“You can't come in halfway through the season, be the straight-up leader of the team,” LaVine said. “You ain't played half the year. You got to get to know everybody. I feel like now I have my feet in the water.
“It's a tough situation but you can still be a leader off the court: be at practices, at film, showing the people how hard you're working. That's the main thing, I showed how I worked. I'm around the same age as everybody, so we all get along.”
LaVine is a man who hears everything, a 23-year old who admittedly monitors social media and other platforms, seeing what’s been said about him. So he’s seen the criticisms about his defense and admits it’s been a point of emphasis in his offseason workouts.
“I have to step it up a lot,” LaVine said. “I've always been somebody that can keep somebody in front of me. I've had mishaps off the ball, with awareness and things like that. That's always something you can improve on.”
The goal, LaVine said, is to be great on both ends of the floor. He’s watched clips of his best and worst defensive moments this season, calling himself “my harshest critic” and said he’ll do what’s necessary to get better.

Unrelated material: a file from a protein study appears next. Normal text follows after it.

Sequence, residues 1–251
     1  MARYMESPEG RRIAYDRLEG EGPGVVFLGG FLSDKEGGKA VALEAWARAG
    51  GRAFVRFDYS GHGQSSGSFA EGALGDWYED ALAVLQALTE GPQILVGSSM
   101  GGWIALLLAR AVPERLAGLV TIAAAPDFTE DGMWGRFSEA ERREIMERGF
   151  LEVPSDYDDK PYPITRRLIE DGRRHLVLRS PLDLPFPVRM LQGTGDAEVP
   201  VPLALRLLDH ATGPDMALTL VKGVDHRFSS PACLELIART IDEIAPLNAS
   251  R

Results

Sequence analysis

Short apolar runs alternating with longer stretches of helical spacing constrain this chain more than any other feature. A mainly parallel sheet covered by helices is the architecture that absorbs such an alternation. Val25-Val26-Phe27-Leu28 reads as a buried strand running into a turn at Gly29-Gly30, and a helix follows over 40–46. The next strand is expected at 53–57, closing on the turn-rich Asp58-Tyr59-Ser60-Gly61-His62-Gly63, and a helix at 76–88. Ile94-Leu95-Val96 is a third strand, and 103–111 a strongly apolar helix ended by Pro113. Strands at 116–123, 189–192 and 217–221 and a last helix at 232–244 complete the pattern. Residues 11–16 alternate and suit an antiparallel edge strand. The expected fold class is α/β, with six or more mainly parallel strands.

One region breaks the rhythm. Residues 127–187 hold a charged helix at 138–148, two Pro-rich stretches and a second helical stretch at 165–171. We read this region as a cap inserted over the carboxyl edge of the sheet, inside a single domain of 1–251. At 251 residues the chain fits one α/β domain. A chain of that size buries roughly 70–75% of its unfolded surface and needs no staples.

At his position, the guys who can score 20 a night are plentiful. James Harden, Victor Oladipo, Bradley Beal, C.J. McCollum, Donovan Mitchell, Khris Middleton and Klay Thompson can get that in their sleep.
Being able to give it back while also slowing them down some is what separates the tiers of shooting guards in today’s NBA.
“I'm not gonna slack off from that,” LaVine said. “I hear people talk: 'You can't do this.' it helps me pay more attention to it and get better. I could care less. It's something I want to be better at, and I want to be great on both ends.”
If that happens, it makes the talk of playoffs seem a lot more realistic than it feels at the moment.
“We have a young and exciting team. I feel like Chicago needs to get that stamp of approval back to where we were in the 90's,” LaVine said before correcting himself.
“I'm not saying we're going to be there next. We need to trend toward that way. Trending that way.”
He’s smiling, pointing upward. He saw his former mates in Minnesota get a taste of the postseason a few months ago and now, he’s feeling a little parched, not quite satisfied with expected baby steps.
“We should be walking now," he said. "Almost jogging. Not quite running. We're working, though.”
Before the playoffs or even training camp convenes, LaVine is off house-hunting and presumably furniture shopping, looking for another couch.
“What color should it be? All white,” he joked.
If the Bulls are playing beyond April 16 next season, there’s sure to be more than a few fans willing to foot the bill for an all-white couch.